I'll See You Opening Night
~Part One: Betty~
"You'll think of something. I'll see you opening night…"
-Artie Green, Act 1, Scene 5

Disclaimer: I don't own these characters. They belong to Andrew Lloyd Webber and Billy Wilder. I *do* own the plot, but nothing more. Reiews and *constructive* criticisms are appriciated, blatant flames are not.


Joe and Betty were walking back to Betty's Paramount office, Joe with his arm around Betty's waist. Once again, Betty's mind was in turmoil. She was still in shock over all that had just taken place, from Her admission of love to Joe, to Joe's own confession. She felt like her life was speeding ahead uncontrolled, and that something big would come of it. As she and Joe re-entered the office, Betty was thinking of nothing except for Joe…that is, until a small piece of folded paper sitting innocently on her desk caught her eye. It was the telegram from Artie. Artie. Betty groaned inwardly. What would she tell him? What could she tell him? She was engaged to Artie after all-and in love with Joe, who just happened to be a close friend of Artie. She cursed herself mentally for letting it go this far. Something had to be done…

"Joe, I-I can't do this. I'm engaged, and…" Betty stopped speaking at the look on Joe's face. He was looking at her, but he didn't see to be seeing her. It was as if he was looking right through her. In a sudden flash of thought, Betty remembered the incident with the cigarette case, the inscription "Mad About the Boy", the evening clothes and fancy coat, Joe's strange behavior on New Year's Eve…it all came together for Betty in one brief, terrible moment.

"There's someone else for you too, isn't there?" It was a statement, not a question. For Betty knew the answer: Norma, whom Joe had mentioned once, in regards to the woman who had given him the gold case. Betty knew very little about Norma, and was willing to bet that Norma, whoever she was, knew about as much about Betty, if anything at all.

"You told me that you loved me Joe. You almost made me turn my back on my fiancé. I almost changed the plans I had for the rest of my life, all for you. I thought I was in love with you too…but then again, that's probably what Miss Gold-Cigarette-Case Norma thinks too!"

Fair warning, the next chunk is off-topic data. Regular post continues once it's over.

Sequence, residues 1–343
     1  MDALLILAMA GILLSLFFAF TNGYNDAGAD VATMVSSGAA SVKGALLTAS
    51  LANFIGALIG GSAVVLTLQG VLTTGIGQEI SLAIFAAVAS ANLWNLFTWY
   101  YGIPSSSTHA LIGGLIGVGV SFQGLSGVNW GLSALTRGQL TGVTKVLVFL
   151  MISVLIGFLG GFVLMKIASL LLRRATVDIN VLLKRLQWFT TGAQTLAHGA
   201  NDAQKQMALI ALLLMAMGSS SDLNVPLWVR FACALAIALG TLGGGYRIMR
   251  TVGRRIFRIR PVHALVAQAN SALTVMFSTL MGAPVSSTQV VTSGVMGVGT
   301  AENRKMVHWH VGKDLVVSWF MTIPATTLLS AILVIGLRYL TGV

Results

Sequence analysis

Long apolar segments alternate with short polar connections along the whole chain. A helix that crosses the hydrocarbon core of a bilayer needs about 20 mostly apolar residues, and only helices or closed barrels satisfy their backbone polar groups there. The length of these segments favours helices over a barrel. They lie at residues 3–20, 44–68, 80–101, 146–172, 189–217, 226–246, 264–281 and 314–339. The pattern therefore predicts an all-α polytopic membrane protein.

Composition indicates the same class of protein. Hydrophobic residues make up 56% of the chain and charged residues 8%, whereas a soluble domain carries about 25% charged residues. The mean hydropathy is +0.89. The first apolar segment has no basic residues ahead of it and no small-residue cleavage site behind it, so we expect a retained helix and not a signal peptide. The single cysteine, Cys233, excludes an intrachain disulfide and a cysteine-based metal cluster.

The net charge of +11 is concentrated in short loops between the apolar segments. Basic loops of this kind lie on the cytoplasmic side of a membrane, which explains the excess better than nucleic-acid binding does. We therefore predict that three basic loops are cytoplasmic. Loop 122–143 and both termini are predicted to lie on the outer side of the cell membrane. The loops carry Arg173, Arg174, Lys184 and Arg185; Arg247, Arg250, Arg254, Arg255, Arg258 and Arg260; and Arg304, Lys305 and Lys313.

Joe stood stock-still, his thoughts reeling. Betty's words had come like a slap in the face to him. She wasn't finished either…

"You didn't really love me, did you Joe? Or Norma; you're probably leading her on blindly, too, aren't you? You know what you are Joseph Gillis? You're just a spoiled little boy who is angry because he can't play with both of his little toys at the same time!"

With these parting words, Betty grabbed her purse, the telegram from Artie, and the completed script for "Blind Windows", and stormed out of her office, slamming the door so hard behind her that the window rattled. Joe still stood frozen, staring at the place where Betty had been standing moments before. He wasn't sure how much time passed; all that her was aware of was that Betty had been exactly right about what she had said to him. Finally, he sighed and left the office with a heavy heart.

Joe drove to 10086 Sunset Boulevard with Betty's entirely-too-truthful words ringing in his ears.

"That little hypocrite!" he thought angrily. "She was engaged to Artie, but she still fell for me! Then, she had the audacity to say what she said to me…Still, I guess I did lead her on…hiding my life with Norma from her. She must have been suspicious ever since New Year's…or at least since she saw the cigarette case. Damn! What an idiot I've been."

Joe sighed, because he knew what he had to do now: tell Norma.
When Max met Joe in the garage, Joe once again said that he had simply been "out", as he'd been telling Max and Norma for weeks now. He hadn't planned to say more, but at the look on the elderly butler's face, he suddenly found himself telling Max the whole sordid story, from "Blind Windows", to the Artie/Betty/Joe love mess, to his own stupidity in hoping that he could keep one part of his life secret from Norma, and another part from Betty. Joe realized that he had run out of words, and simply ended with,
"I know I don't have to tell her, but if I don't, she'll either find out and hate me for trying to keep it from her, or she'll never know, but I'll be miserable, hoping that she'd never find out about it."

Max stood silent before Joe. Then he nodded slowly.
" I'm glad that you've finally decided to tell Madame the truth. It took you long enough." Then he melted into the shadows of the garage, the way he always seemed to. Max knew when to intervene and when to stay out of the way. He also knew Joe very well by this point, and seemed to know what Joe was thinking, even when Joe himself wasn't sure. Maybe it came from years of life with Norma, who was so good at hiding her emotions. She was an actress after all. It had been her job to convince an audience that she was feeling a certain way…and Norma Desmond had been one of the best.

Joe lay in his bed in the "room of the husbands", willing sleep to come, so he could stop worrying over what to say to Norma tomorrow, so he wouldn't have to hear Betty's angry words replayed over and over in his mind. It was no use. Joe tried to tell himself that she'd be back; Betty never held grudges. However, try as he might, Joe couldn't make himself believe it. As Joe Gillis finally drifted off to sleep that night, he faced the realization that he would probably never see Betty Schaefer again.